Athena Diagnostics, Inc. v. Mayo (D. Mass., August 4, 2017) – “That’s all,” She Wrote.

Please read my recent post about stage 1 of this proceeding, in which the Judge in 2016 found that the claims to diagnosing Myasthemia Gravis (MG) by adding MuSk to a patient sample and detecting any IgG autoantibody complexes that are formed, e.g., by exposing the binary complexes with a radiolabelled anti-IgG antibody (claims 2 -6). Claim 7 recited adding labelled MuSK to a sample and detecting any binary complexes that are formed.

Despite the recitation of novel compounds/complexes formed by the hand of man – the radiolabelled MuSK, the binary labelled MuSK-antibody complexes or the tertiary MuSK – aniti-MuSK – labelled anti-IgG antibody complexes, the Judge ruled that because the claims are “focused” on a law of nature – the ability of MuSK to bind to IgG autoantibodies – the claims fail step one of the Mayo/Alice test.

However, the judge denied defendant’s initial motion to dismiss on the basis of patent ineligibility on the basis that further fact-finding was needed to determine whether or not stage 2 of the Mayo/Alice test was satisfied. In the August 2017 “Memorandum and Order”, the Judge found no inventive concept apart from the natural correlation and granted the motion to dismiss.

This was hardly an unexpected outcome as, when viewed broadly, the patentee had employed two basic radioimmunoassay techniques to identify the presence or absence of anti-MuSK antibodies in the sample. The Judge noted that the claims considered were claims 6-9, which encompass both assay techniques that I outlined above.

Plaintiffs made a valiant attempt to show that the step of detecting autoantibodies “was neither well-understood and not routine.” They further argued that the steps needed to form radiolabelled MuSK were novel and were not routine. The judge found these arguments “unavailing” primarily because the specification of the patent-in-suit stated that “[i]odination and immunoprecipitation are standard techniques in the art.” To summarize, the judge concluded that “[n]one of the complexity to which Plaintiffs cite is described or claimed in the patent…On its face, the patent claims a process for detecting autoantibodies, not a process for creating the 125-I MuSK. Myriad, 133 S.Ct. at 2119 (“Had Myriad created an innovative method of manipulating genes while searching for the BRACA1 and BRCAII genes, it could have possibly sought a method patent.”)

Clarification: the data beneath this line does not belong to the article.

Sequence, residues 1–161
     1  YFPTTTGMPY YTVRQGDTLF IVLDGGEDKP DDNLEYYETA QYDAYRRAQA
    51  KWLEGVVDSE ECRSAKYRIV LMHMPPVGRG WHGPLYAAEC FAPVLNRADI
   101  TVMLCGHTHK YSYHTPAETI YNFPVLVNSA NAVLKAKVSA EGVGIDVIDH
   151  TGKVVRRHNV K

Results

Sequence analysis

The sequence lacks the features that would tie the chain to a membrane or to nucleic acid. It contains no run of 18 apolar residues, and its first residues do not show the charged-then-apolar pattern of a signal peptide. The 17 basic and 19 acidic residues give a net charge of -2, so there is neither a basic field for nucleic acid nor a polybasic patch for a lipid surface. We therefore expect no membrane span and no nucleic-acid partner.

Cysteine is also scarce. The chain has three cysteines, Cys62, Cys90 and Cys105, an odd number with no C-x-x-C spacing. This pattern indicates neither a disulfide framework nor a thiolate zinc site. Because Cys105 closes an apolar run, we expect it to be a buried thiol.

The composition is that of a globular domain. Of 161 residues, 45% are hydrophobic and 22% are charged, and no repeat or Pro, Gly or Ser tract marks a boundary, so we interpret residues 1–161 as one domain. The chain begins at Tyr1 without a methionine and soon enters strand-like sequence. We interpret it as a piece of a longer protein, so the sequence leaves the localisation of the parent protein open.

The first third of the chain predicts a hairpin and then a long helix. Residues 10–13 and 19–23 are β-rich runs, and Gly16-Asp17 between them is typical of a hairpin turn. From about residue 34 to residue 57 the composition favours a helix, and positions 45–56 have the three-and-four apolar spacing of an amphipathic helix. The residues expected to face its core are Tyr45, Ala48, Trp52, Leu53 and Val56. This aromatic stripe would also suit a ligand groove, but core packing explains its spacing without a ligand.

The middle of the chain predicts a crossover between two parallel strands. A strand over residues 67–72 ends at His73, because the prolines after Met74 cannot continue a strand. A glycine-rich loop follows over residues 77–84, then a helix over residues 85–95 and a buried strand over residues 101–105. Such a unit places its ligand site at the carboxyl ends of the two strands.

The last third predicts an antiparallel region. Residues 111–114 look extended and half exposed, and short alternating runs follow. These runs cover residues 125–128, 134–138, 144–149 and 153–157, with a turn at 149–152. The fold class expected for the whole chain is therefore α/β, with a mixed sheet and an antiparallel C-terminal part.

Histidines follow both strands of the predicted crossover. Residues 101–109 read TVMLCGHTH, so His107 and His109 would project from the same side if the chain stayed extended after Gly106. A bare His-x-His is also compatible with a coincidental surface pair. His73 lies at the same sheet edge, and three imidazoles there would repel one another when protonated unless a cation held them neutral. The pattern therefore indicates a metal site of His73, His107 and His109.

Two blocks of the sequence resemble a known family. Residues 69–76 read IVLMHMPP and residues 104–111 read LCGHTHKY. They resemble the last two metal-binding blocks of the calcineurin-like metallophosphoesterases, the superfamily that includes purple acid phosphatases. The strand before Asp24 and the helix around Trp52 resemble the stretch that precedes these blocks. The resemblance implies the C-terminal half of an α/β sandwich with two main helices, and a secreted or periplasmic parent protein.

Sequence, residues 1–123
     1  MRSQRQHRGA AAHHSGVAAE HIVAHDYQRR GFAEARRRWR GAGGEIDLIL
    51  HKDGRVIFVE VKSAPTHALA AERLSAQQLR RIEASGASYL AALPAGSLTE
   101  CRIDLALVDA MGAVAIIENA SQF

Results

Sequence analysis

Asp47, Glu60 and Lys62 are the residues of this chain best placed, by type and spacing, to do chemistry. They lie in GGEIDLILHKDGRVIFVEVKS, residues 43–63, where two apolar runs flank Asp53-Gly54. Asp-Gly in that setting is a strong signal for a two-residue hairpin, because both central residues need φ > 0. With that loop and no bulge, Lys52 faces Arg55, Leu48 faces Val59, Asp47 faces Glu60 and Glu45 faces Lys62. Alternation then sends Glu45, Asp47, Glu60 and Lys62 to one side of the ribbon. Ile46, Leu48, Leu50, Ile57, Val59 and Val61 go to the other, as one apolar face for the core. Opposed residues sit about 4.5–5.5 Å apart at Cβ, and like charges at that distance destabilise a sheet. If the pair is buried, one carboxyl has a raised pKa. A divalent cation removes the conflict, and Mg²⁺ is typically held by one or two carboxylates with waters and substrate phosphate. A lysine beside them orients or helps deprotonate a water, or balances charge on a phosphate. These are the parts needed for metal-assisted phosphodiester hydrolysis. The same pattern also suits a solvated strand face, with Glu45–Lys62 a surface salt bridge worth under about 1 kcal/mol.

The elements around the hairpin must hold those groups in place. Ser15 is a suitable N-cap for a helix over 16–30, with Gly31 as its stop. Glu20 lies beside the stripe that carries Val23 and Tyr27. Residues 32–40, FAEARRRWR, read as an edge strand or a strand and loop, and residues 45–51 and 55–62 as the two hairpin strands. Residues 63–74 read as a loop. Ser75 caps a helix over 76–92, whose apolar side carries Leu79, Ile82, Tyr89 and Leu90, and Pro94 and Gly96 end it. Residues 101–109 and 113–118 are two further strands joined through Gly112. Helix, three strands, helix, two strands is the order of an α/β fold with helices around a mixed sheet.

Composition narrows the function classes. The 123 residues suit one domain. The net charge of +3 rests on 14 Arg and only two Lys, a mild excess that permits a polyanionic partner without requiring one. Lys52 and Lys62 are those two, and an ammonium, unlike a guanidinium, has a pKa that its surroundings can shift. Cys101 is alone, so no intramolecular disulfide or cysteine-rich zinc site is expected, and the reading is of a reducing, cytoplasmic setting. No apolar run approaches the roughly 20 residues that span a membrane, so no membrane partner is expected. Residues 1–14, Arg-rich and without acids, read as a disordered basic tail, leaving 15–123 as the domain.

Years ago, my mentor told me never to describe any technique employed in a bio/pharma patent as “routine” or as “well-known to the art.” The written description requirement is also best met by description. In this decision, such language effectively foreclosed plaintiffs from arguing that there were any inventive steps in carrying out the claimed diagnostic tests even though, unlike Mayo, novel semi-synthetic compounds/complexes were employed. I hope that plaintiffs have a pending divisional application to pursue claims to the compounds/complexes that they were the first to disclose but, remember “hope” was the last entity present in Pandora’s box.

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